British Public’s attitude to Brexit Hardening
August 28th: Highlights
- Brexit should mean Brexit
- U.S agrees trade deal with Mexico, Canada under pressure
- Rome pressuring Brussels over “flexibility”
Hard Brexit gaining popularity
The growing concern will come to a head when Brussels gives an official response to the Chequers Proposals (as amended by Parliament) which is likely to be negative.
The original reason for the Brexit Referendum, the issue of immigration, has been lost and swallowed up by the fact that a deeply divided Government is having to balance between Remain and Brexiteer wings with the consequence that it appears to now want a deal at any cost. If it looks like Prime Minister, Theresa May will agree to amend what were, supposedly, her final proposals, then she faces a very uncertain Autumn when Parliament reconvenes next week.
The pound has started to recover from the early summer fall based upon concerns over a no-deal Brexit, helped, in no small part, by a correction in the dollar. However, as infighting starts again, and no-deal becomes more likely the weakness is likely to return.
Yesterday, the pound’s rally, reaching 1.2902 was entirely driven by a fall in the dollar as its safe haven status diminished. There is strong resistance at 1.2940 which is unlikely to be broken without positivity over a Brexit deal.
Trump gets his wish over NAFTA
This three-way agreement including Canada has been in place since 1994 and has been continually attacked by the President.
Trump, naturally, labelled the deal an “incredible agreement” which made dealings between the two countries “fair”. Attention now turns to Canada which has constantly refused to discuss changes. It remains to be seen what pressure will be put upon Canadian Prime Minister Justin Trudeau given the antipathy between Trump and Trudeau which was evident at the last G7 meeting, which Trudeau hosted.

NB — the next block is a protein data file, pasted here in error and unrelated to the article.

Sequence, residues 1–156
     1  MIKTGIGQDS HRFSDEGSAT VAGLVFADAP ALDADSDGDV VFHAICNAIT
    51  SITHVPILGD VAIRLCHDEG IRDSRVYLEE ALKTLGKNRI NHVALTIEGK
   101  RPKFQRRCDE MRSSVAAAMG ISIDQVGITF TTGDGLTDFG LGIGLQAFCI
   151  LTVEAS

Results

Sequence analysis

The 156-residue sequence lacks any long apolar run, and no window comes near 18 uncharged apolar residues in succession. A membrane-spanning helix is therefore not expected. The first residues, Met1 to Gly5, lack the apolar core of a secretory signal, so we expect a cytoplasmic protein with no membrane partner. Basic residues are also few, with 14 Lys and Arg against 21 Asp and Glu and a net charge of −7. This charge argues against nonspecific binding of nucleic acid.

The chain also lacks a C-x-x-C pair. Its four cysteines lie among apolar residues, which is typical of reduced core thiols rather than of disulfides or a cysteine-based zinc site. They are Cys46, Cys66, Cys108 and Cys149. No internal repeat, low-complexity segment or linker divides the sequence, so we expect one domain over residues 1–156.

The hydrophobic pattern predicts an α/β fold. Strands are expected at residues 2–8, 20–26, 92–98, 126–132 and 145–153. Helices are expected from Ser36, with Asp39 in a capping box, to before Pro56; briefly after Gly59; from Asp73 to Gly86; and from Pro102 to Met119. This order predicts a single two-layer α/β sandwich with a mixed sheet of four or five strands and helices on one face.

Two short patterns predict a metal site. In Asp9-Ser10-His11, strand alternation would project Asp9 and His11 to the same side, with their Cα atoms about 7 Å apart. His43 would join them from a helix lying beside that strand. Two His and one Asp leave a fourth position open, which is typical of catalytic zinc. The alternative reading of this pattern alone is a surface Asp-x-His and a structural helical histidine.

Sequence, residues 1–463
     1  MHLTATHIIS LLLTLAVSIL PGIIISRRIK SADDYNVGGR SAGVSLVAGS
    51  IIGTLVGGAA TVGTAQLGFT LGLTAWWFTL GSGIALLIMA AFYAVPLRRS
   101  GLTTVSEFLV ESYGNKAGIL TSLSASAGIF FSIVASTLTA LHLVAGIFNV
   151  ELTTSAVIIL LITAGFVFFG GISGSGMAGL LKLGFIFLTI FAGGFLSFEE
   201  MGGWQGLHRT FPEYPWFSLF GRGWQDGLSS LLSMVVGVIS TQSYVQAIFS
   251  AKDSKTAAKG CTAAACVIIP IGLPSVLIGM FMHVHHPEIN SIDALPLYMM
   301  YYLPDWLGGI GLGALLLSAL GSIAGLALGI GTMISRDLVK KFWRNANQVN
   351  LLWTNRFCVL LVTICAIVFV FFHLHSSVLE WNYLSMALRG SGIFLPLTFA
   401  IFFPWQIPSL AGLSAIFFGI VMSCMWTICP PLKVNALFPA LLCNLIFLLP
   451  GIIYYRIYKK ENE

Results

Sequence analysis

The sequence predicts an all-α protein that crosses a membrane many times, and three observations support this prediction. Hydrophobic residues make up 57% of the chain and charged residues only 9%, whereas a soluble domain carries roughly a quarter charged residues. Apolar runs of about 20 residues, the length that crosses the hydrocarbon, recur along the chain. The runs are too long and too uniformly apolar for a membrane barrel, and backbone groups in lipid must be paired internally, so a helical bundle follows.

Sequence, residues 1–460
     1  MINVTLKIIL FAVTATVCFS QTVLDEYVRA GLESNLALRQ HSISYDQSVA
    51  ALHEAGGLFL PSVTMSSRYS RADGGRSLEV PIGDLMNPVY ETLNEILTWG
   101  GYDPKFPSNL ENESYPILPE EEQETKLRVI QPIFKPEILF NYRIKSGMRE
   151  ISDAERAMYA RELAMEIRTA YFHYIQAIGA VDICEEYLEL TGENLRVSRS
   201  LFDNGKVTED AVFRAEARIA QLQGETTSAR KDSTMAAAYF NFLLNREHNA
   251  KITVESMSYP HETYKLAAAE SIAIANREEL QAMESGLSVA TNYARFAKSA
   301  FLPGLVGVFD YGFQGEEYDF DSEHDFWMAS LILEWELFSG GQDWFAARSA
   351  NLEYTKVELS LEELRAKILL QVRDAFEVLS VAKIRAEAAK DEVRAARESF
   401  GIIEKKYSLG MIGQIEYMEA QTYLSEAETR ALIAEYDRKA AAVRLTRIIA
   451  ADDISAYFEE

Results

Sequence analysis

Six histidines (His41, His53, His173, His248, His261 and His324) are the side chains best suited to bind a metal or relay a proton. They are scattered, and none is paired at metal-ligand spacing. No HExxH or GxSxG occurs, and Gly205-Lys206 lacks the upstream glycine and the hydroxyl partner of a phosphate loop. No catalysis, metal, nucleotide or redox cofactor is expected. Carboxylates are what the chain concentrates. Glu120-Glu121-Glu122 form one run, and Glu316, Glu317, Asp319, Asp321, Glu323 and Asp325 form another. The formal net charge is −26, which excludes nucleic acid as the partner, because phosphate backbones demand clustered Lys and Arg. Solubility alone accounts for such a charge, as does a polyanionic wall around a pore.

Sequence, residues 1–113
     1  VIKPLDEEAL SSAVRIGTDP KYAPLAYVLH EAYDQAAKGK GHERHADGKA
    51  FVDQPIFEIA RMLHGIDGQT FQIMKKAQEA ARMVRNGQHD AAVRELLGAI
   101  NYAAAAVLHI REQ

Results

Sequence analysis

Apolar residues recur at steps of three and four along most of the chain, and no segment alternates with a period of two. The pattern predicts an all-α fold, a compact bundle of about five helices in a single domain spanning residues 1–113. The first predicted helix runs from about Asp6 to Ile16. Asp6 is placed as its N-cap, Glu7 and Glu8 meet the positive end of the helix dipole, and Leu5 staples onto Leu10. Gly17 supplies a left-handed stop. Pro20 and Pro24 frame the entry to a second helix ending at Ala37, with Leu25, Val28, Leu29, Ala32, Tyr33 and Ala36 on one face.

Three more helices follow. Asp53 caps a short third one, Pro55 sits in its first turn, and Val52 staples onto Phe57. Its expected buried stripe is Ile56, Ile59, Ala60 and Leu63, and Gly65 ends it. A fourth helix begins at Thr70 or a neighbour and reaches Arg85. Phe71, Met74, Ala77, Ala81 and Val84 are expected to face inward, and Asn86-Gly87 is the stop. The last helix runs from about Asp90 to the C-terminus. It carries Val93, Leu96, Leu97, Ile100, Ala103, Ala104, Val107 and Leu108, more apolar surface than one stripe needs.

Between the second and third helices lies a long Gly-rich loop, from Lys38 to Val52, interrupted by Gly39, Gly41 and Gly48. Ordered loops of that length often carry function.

Today’s release of U.S trade data for July will keep the U.S deficit in focus. Trade is starting to gain the markets attention as the NFP’s significance wanes given its entirely “concocted” nature which is subject to large revisions.
The deficit is likely to have fallen a little to below $69 billion although anything approaching $70 billion may attract the ire of, and more rhetoric from, the President.
The dollar index continued its recent correction yesterday reaching 94.77. It is now well below the pivotal support at 95.25 prompting many technical analysts to call the recent 96.99 high a medium-term top.
Politics continues to drive Eurozone
Italy is again calling for a change of regulation to enable it to loosen the shackles determined by its debt to GDP ratio which is currently well above 132%.
The Italian budget deficit is like a man who is constantly at the top of his credit card limit. Rather than reduce his spending he is constantly demanding the limit be raised. The dire threats emanating from Rome backed by those countries who suffer from similar profligacy concern the very future of the single currency. This is ironic since if the ECB raised debt ceilings, it would provide an even greater threat to the stability of the Eurozone and could even see the forced removal of a country as came close to happening with Greece.
Emmanuel Macron, the French President, who, mistakenly, believes he was voted into power on a platform of closer ties within the EU has seen his popularity fall in recent months as his centrist party appears to have “veered” to the right following the announcement of several policies seen to be favouring the wealthy and big business.
Meanwhile, the euro meanders along a well-trod path reacting to market conditions undeterred by anything other than ECB policy. Yesterday, it reached 1.1694 versus a weaker dollar but, like Sterling, it is unlikely to break 1.1740 without a major event in its favour.
Have a great day!
About Alan Hill
Alan has been involved in the FX market for more than 25 years and brings a wealth of experience to his content. His knowledge has been gained while trading through some of the most volatile periods of recent history. His commentary relies on an understanding of past events and how they will affect future market performance.”